Marcelo Ronchini opened Nina’s Argentinean Pizzeria on Second Avenue, near 91st Street, four years ago this month. A family-run business, it was building a neighborhood following and growing revenue 15 to 20 percent each year. Then, last April, after decades of promises, the MTA started building the Second Avenue subway. Eventually, the new subway will be good for businesses on Second Avenue. But for now, Nina’s is facing an unappetizing construction zone.
April 12, 2007
Ceremonial groundbreaking for Second Avenue subway in a tunnel at 99th Street and Second Avenue.
Construction starts in front of Nina’s. Second Avenue is torn up; a fence reduces the sidewalk from twenty feet to seven. “I lose foot traffic,” Ronchini says.
With construction on, all business and residential trash must be left at the corner—in front of Nina’s—where garbage trucks can get it. The fenced-off sidewalk is cut up. Revenue is 15 percent lower than at the same time a year earlier.
For the third day in a row, a tractor-trailer is parked in front, blocking the storefront. “I finally got so frustrated that at night, when no one was there, I climbed up on it and covered it with Christmas lights.” Revenue’s off 18 percent from a year earlier.
Business is slow, but costs keep rising. “Anything that delivers—ice cream, ravioli, tomatoes—has all gone up around 10 percent. They say it’s because of the gas.” Revenue is off 20 percent.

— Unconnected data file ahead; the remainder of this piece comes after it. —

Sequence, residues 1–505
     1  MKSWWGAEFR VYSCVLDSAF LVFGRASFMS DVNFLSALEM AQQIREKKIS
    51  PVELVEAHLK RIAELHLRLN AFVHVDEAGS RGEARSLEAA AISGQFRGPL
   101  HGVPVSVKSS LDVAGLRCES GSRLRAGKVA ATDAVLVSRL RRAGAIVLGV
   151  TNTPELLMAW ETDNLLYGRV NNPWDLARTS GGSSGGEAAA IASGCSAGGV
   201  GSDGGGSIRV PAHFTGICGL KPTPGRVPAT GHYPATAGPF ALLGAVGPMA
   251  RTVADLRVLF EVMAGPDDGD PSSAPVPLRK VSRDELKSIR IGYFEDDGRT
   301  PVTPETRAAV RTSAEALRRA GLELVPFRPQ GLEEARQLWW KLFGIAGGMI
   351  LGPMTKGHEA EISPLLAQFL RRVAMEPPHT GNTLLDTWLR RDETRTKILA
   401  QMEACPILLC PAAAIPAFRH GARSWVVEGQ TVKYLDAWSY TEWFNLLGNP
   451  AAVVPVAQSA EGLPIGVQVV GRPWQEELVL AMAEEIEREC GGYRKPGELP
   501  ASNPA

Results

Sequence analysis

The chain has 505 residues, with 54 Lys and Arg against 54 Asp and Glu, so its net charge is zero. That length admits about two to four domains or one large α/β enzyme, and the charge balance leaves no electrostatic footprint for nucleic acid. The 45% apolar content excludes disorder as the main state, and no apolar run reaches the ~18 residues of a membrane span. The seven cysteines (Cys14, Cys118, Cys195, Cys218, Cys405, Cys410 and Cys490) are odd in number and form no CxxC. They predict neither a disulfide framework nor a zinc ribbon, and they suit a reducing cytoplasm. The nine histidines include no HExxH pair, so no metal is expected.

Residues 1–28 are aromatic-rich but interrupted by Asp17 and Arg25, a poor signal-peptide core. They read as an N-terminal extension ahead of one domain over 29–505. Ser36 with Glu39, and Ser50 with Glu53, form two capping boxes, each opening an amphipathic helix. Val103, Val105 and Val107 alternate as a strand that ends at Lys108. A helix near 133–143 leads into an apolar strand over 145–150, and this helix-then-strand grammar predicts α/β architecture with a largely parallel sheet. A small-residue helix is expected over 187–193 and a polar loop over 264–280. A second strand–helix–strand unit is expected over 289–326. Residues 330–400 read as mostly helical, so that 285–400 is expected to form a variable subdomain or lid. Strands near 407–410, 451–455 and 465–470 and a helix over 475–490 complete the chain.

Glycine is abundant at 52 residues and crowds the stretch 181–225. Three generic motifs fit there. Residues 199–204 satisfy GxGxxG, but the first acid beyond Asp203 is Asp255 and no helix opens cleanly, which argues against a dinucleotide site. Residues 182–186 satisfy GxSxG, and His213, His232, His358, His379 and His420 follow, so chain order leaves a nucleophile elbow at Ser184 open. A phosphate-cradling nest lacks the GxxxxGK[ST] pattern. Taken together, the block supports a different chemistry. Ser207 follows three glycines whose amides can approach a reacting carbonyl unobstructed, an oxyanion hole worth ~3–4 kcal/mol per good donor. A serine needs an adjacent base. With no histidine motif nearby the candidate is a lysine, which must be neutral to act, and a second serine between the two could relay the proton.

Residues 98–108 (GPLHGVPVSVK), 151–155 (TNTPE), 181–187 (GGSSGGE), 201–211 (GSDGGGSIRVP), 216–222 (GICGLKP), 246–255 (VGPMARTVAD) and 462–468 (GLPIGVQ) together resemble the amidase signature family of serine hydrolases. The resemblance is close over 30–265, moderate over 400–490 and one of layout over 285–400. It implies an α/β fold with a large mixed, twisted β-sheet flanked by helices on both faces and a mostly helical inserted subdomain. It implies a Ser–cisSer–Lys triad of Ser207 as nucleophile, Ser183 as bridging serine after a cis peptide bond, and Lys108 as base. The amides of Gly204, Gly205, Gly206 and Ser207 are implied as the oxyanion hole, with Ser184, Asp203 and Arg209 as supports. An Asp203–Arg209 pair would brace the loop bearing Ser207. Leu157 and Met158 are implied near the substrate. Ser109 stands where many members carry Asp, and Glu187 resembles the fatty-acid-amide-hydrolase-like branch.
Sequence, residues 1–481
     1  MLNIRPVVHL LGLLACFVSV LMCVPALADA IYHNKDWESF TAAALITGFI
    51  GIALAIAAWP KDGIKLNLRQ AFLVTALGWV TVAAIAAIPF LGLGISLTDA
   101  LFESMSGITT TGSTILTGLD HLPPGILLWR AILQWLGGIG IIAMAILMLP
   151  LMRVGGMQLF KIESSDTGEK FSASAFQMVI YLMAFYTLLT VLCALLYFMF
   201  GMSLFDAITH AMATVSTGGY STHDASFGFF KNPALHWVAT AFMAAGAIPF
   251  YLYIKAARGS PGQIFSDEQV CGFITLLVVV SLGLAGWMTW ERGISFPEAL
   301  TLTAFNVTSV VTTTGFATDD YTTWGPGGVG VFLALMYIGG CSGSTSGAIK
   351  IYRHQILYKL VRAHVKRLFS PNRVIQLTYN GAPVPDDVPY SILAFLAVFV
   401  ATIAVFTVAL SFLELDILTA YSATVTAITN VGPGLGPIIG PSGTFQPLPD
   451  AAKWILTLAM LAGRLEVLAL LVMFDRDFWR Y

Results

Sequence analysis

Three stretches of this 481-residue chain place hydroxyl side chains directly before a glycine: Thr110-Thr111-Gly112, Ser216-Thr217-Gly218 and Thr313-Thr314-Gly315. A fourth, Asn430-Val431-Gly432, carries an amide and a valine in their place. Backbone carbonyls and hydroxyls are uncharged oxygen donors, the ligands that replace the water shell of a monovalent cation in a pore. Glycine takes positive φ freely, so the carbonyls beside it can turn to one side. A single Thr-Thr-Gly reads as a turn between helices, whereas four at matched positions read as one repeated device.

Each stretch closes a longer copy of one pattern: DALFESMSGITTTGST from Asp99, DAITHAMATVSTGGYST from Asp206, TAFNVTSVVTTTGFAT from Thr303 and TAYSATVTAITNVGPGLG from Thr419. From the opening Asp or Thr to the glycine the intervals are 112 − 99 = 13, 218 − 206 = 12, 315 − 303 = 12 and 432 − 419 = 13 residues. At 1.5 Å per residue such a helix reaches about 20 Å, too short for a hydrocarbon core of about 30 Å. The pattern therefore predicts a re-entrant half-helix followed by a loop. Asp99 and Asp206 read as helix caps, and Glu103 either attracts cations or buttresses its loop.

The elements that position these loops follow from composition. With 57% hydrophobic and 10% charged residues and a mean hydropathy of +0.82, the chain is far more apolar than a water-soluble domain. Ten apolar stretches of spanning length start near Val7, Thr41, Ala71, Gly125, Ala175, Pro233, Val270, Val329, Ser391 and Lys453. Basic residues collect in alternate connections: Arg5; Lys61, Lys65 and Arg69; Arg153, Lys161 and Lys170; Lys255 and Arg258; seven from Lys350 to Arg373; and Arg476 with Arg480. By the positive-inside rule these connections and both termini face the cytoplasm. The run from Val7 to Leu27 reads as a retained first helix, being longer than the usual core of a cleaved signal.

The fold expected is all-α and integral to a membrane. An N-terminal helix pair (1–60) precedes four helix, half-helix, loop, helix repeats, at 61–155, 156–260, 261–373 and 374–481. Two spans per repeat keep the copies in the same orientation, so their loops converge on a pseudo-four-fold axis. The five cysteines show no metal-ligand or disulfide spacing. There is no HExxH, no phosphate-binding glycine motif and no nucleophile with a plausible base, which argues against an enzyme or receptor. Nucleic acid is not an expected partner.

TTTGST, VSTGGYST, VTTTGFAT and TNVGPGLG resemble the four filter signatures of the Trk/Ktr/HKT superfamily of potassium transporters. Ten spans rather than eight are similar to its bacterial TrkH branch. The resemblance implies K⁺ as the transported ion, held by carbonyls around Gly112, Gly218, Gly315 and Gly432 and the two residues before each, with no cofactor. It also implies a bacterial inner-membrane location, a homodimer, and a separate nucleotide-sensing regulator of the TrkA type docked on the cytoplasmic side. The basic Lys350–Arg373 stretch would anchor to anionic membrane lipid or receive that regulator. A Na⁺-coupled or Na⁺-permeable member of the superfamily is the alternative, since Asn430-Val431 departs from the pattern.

With less business, staff hours are reduced. The chef quits rather than take an eight-hour-a-week reduction. Kebap G, a restaurant just up Second, closes. “The area is starting to look like a war zone.” Revenue is off 23 percent.
The phone lines go out on a Saturday afternoon and stay out till Monday. “I lost hundreds of dollars in delivery business.” A few doors away, Red Rock Road House Bar closes. Revenue is off 20 percent.
The MTA and its contractor start holding weekly meetings with affected business owners. “ ‘This is all just the beginning,’ they tell us.” Revenue is off 19 percent.
February 4, 2008
Work has been focused on the other side of the street; now the MTA announces plans to work on Nina’s side for at least three months. “But that’s what they said on the other side, and they were there eight months,” he says. It’ll start February 22.
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